This Patchouli is iron free because it is distilled in stainless steel vessels as opposed to the crude iron vessels of past.
Traditional Use of Patchouli, Iron Free - Aged 9 Year
Energetics and Chakras1st Chakra - survival and support, 2nd Chakra - relationships, creation energy, 3rd Chakra - personal power, 7th Chakra - higher information
Energetic, Spiritual, and Emotional Qualities of Patchouli, Iron Free - Aged 9 Year
- Chakra Balancing and Psychospiritual Harmony: In the context of chakra work, patchouli is not only associated with the base or root chakra, but it's also said to harmonize the interaction among the 1st (root), 3rd (solar plexus), 4th (heart), and 7th (crown chakras). It's used to balance and stimulate these chakras, promoting a sense of stability, personal power, love, and spiritual connection. Patchouli is also thought to exert a clarifying effect on the mind, especially helpful for individuals who have experienced prolonged stress, which can be beneficial following a nervous breakdown or a history of seizures.
- Grounding and Emotional Connection: Patchouli is believed to provide grounding for those who may have been emotionally neglected or who have become detached from their physical body's needs. By maintaining contact with one's feelings, patchouli may also aid in understanding and recalling dreams, enhancing one's introspective abilities.
- Aura Cleansing: As part of its aura cleansing properties, patchouli is thought to help remove blockages and restore a smooth flow of energetic vitality, essential for overall well-being.
- Prosperity and Abundance: In various folkloric traditions, patchouli is believed to encourage financial prosperity and material abundance when used in prayer ceremonies. Its effect in this regard might be an indirect result of its ability to increase positive thinking and openness to the possibility of success.
- Protection: The protective energies of patchouli are also significant, shielding against negative influences or entities, and safeguarding an individual's energy or personal space.
- Asian Cultures: Patchouli originates from Southeast Asia, where it has been used for centuries. In India, it's associated with the god Shiva and is used in religious rituals. Patchouli is also traditionally used in Asian medicine for its wide array of health benefits. Newlyweds in some Asian countries would often find patchouli in their matrimonial beds as a symbol of love.
- Middle Eastern Cultures: Patchouli was highly valued in the Middle East. The strong, distinctive scent of patchouli made it a popular perfume ingredient. It was considered a sign of wealth and luxury.
- European Cultures: In the Victorian era in Europe, patchouli was used to protect valuable textiles from moths. Its distinct scent was also a way to determine the authenticity of oriental fabrics imported into England. Patchouli was widely used in perfumery and was considered a symbol of bohemian luxury.
- African Cultures: In some African traditions, patchouli was used for its antiseptic properties to treat wounds and prevent infections. It was also used in incenses and perfumes.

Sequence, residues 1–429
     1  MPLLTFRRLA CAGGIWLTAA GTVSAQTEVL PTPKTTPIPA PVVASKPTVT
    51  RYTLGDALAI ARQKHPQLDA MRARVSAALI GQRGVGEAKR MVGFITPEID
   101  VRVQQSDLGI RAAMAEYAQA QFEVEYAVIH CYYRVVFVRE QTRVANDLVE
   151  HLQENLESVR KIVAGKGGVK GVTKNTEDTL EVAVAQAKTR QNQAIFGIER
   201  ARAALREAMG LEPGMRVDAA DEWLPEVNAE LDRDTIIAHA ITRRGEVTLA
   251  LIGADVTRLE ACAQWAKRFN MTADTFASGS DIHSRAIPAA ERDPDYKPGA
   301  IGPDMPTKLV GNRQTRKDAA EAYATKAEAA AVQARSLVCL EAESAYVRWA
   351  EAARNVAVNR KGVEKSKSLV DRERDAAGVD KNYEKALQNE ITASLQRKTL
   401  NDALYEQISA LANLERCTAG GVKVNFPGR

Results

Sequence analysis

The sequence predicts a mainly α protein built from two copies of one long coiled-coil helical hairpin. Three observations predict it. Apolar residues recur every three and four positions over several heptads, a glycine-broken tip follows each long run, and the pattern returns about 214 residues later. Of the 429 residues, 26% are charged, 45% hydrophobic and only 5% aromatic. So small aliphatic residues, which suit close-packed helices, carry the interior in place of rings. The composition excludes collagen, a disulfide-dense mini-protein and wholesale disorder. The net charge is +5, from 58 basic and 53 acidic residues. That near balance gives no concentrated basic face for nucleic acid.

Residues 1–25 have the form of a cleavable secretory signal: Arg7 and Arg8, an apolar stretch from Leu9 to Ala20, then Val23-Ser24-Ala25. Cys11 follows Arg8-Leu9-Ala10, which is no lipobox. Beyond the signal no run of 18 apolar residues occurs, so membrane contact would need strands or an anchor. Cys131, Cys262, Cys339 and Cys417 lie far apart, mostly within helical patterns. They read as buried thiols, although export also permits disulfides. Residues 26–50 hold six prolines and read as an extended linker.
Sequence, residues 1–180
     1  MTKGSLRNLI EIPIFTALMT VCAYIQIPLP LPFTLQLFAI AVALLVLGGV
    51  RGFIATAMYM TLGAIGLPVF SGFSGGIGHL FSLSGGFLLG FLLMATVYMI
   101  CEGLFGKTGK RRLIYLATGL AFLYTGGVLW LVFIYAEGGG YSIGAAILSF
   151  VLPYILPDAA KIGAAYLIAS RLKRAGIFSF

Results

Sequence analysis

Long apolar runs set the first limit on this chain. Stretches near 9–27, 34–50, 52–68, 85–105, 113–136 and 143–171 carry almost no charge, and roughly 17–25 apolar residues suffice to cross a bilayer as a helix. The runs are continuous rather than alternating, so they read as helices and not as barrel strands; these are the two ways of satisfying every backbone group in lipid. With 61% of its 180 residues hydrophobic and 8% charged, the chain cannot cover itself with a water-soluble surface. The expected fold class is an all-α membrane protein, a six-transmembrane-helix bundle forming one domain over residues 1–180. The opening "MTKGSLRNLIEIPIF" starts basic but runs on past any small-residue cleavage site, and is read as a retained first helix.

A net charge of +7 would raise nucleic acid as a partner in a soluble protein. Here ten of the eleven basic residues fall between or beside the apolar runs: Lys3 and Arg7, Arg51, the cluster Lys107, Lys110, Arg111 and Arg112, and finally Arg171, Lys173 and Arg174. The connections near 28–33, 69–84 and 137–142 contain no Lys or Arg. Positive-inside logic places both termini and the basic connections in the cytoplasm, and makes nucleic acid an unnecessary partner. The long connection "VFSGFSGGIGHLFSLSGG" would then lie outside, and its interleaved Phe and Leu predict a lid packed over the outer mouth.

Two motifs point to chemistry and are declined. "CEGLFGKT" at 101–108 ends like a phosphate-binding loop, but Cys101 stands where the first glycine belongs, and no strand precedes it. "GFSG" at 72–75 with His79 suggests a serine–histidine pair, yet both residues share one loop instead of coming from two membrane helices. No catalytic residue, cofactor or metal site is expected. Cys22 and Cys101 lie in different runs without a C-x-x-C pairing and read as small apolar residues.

- American Cultures: In North America, patchouli gained popularity during the 1960s and 70s with the counterculture movement. It was associated with freedom, peace, and connection to nature. In South American folk medicine, it's used for its healing and protective properties.
Therapeutic Benefits of Patchouli, Iron Free - Aged 9 YearAnti-anxiety, Anti-bacterial, Anti-depressant, Anti-fungal, Anti-inflammatory, Anti-septic, Cicatrisant, Cooling, Deodorant, Insect repellent, Sedative, Tonic
Aroma-Chemistry of Patchouli, Iron Free - Aged 9 Year
- Patchoulol (patchouli alcohol): This sesquiterpene alcohol is the major component of patchouli oil. It has been extensively studied for its various therapeutic properties. Some of these include:
- Antibacterial: It has been shown to be effective against a variety of bacteria, making it useful in preventing and treating bacterial infections.
- Antiviral: Some studies have suggested that patchoulol has activity against certain viruses.
- Anti-inflammatory: It may help to reduce inflammation, which can be beneficial in managing conditions that involve chronic inflammation.
- Wound healing: Some research has shown that patchoulol can promote wound healing, likely due to its antimicrobial and anti-inflammatory properties.
- α-Guaiene: This sesquiterpene hydrocarbon found in patchouli oil has been studied for:
- Antimicrobial: α-Guaiene has been shown to have antimicrobial properties against several types of pathogens, which can help prevent and treat infections.
- Anti-inflammatory: Similar to patchoulol, α-guaiene also has anti-inflammatory properties.
- Seychellene: This is another sesquiterpene hydrocarbon that contributes to the complex aroma of patchouli oil. Therapeutically, it has:
- Antioxidant properties: Seychellene is known for its antioxidant activity, which means it can neutralize harmful free radicals in the body. This might help in reducing the risk of chronic diseases like heart disease and cancer.
- α-Patchoulene and β-Patchoulene: These are sesquiterpene hydrocarbons with therapeutic benefits such as:
- Antimicrobial: α-Patchoulene, in particular, has been shown to inhibit the growth of certain types of bacteria.
- Norpatchoulenol: Another sesquiterpene alcohol in patchouli oil, norpatchoulenol has:
- Anti-inflammatory and antimicrobial effects: Similar to patchoulol and α-guaiene, norpatchoulenol is reported to have both anti-inflammatory and antimicrobial properties.